At the end of 2019 my model assumed "normal" BRK.B look through earnings of $12 to $16 per share, and a growth rate of 6% to 8% (a base case of $14 per share look through earnings and 7% growth).

Since then I've impaired my estimates to incorporate post-covid margin compression for financials, and more modest growth expectations.

I now model for look through earnings of $8 to $12 per share, and growth of 5% to 7% (a base case of $10 per share and 6% growth).

For me, intrinsic value falls somewhere in the neighborhood of $240 per B share. I'm perfectly comfortable owning the stock at the current price, and would happily buy more below $160 per share.

Thanks for laying out the assumptions. Without knowing one's estimates of earnings, growth rate of earnings and discount rate, it is difficult to know where there is disagreement if any.

In the base case as of Q1, 2020, I have normalized earnings as $12.5 per share, excluding any earnings from float. Growth rate of 8.5%.

To me, it looks like any differences in IV estimates for BRK really boil down to

1) The value of float. This is harder to assess as it is dependent on interest rates and investment opportunities. One simple and likely very conservative way is to assume that $60-80 billion would always remain in cash and as long term interest rates may remain low for a long time, essentially are not worth much. So we end up valuing the rest of the float or about $50 billion.

Or assume it is going to earn some low rate on the total float and it ends up adding $0.5 to $1 per share.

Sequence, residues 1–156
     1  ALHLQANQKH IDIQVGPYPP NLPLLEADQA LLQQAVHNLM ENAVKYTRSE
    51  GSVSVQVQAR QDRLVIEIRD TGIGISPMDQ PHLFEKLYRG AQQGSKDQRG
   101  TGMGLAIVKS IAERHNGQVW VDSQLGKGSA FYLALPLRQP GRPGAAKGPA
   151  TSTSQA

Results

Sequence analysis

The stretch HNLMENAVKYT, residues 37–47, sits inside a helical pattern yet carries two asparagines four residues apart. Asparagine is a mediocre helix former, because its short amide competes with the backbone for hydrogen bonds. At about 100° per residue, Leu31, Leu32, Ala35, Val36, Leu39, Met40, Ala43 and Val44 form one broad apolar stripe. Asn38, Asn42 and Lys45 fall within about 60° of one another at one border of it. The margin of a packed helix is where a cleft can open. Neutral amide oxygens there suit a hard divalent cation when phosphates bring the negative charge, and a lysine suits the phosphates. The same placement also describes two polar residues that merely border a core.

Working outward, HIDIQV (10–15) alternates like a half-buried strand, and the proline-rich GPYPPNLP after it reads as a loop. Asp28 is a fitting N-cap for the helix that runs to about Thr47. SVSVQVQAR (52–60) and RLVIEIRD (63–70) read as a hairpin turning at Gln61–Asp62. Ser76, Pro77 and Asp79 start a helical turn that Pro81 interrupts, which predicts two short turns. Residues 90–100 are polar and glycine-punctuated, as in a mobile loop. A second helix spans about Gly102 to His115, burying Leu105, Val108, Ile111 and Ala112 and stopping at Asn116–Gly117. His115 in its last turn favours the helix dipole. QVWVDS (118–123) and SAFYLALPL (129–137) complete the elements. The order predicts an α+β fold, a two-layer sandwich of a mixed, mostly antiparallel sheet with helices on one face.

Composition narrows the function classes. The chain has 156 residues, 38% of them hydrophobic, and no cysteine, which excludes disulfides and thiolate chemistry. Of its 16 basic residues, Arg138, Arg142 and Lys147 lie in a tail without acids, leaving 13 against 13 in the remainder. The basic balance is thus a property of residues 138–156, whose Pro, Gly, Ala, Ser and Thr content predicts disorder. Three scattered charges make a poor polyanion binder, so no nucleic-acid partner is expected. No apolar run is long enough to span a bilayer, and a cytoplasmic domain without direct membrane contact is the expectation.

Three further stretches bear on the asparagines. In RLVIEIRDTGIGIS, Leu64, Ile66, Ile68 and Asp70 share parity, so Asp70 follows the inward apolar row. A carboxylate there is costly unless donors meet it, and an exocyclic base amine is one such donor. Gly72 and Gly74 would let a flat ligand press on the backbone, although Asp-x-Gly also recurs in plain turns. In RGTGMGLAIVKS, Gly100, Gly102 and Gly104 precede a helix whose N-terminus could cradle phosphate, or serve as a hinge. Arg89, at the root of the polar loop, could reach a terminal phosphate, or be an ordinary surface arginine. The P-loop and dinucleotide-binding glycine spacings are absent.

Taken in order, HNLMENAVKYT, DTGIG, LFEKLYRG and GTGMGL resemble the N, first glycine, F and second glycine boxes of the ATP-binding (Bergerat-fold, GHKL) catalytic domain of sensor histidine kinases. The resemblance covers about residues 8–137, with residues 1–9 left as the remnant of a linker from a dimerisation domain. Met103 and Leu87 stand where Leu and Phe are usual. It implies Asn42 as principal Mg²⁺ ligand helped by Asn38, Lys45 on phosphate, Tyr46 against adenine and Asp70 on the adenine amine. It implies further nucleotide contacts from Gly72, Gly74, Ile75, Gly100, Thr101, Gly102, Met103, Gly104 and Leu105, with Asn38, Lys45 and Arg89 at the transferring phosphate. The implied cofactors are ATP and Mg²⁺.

2) The discount rate.

So you have ROE of about 8.5% which is consistent with the growth rate assumption as well with 100% earnings retention.

If you pick a discount rate of 7%, you have to have to look through 30 years to make it worth 1.5x book value.

**The question I have for you is, if you assume a growth rate of 6%, why would it be worth even book value unless your discount rate is less than 6%?**

Vinod

For a handful of index funds or index-like investments (aka Berkshire) that I hope to hold for decades I basically just capitalize growth in perpetuity. I know it's inelegant, but one benefit is I can do it in my head.

For Berkshire I do break down the groves in a spreadsheet, and slice and dice assumptions a number of different ways before landing on a look through earnings estimate.

(FWIW, when making an investment I assign a lot more significance to my look through earnings yield estimate than to my ability to forecast growth. Hence, Amazon hasn't made it into the 'ol portfolio just yet.)

I'm definitely comfortable with a long term BRK growth rate over 5%. The ROE, compensation structures, and capital allocation discipline ingrained in the culture give me that confidence.

(As an aside, it also doesn't hurt that:

a) Buffett pledged to give away 5% of his BRK holdings annually to the Gates Foundation

b) he is genetically hardwired to increase his wealth over the long term (with a margin of safety), so if history's greatest investor feels a minimum 5% long term growth rate for his own company is probably a safe bet, I'm more apt to accept that assumption.)

I do have trouble basing a long term growth assumption on a historical 8.5% ROE. They clearly can't reinvest organically at that rate, so it all comes down to acquisition prospects. And,

a) because the universe of sizable investment opportunities in Berkshire's circle of competence is now down to maybe a few dozen companies globally

b) because Buffett spent his entire life teaching/training an army of extremely well capitalized competitors (aka private equity) to do exactly what he does, while they're incentivized to pay higher prices, I can see scenarios where the elephant gun that used to be unloaded every 2 or 3 years, now gets shelved for 5 to 10 (or more) years at a time; leaving the next generation of management no choice but to accept lower growth while buying back shares or paying dividends.

I was comfortable with 7% last year. Now I'm more comfortable with 6%. I really really really hope it turns out to be at least 8.5%.